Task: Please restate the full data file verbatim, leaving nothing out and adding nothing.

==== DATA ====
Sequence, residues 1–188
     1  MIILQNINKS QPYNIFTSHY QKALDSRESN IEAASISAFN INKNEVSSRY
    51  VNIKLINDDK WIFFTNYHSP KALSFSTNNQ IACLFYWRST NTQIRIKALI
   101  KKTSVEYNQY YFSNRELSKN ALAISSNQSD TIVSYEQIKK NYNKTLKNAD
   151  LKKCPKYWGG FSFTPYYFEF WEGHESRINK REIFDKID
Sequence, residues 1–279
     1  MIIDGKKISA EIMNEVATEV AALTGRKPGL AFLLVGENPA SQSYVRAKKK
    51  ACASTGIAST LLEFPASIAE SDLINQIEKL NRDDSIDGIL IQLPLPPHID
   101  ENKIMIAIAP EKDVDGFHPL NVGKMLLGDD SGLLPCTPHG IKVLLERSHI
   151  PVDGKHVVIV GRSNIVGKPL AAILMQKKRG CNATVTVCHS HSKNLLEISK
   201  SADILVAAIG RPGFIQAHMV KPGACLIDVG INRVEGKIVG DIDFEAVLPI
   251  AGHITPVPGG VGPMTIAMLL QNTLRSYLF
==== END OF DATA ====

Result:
Sequence, residues 1–188
     1  MIILQNINKS QPYNIFTSHY QKALDSRESN IEAASISAFN INKNEVSSRY
    51  VNIKLINDDK WIFFTNYHSP KALSFSTNNQ IACLFYWRST NTQIRIKALI
   101  KKTSVEYNQY YFSNRELSKN ALAISSNQSD TIVSYEQIKK NYNKTLKNAD
   151  LKKCPKYWGG FSFTPYYFEF WEGHESRINK REIFDKID
Sequence, residues 1–279
     1  MIIDGKKISA EIMNEVATEV AALTGRKPGL AFLLVGENPA SQSYVRAKKK
    51  ACASTGIAST LLEFPASIAE SDLINQIEKL NRDDSIDGIL IQLPLPPHID
   101  ENKIMIAIAP EKDVDGFHPL NVGKMLLGDD SGLLPCTPHG IKVLLERSHI
   151  PVDGKHVVIV GRSNIVGKPL AAILMQKKRG CNATVTVCHS HSKNLLEISK
   201  SADILVAAIG RPGFIQAHMV KPGACLIDVG INRVEGKIVG DIDFEAVLPI
   251  AGHITPVPGG VGPMTIAMLL QNTLRSYLF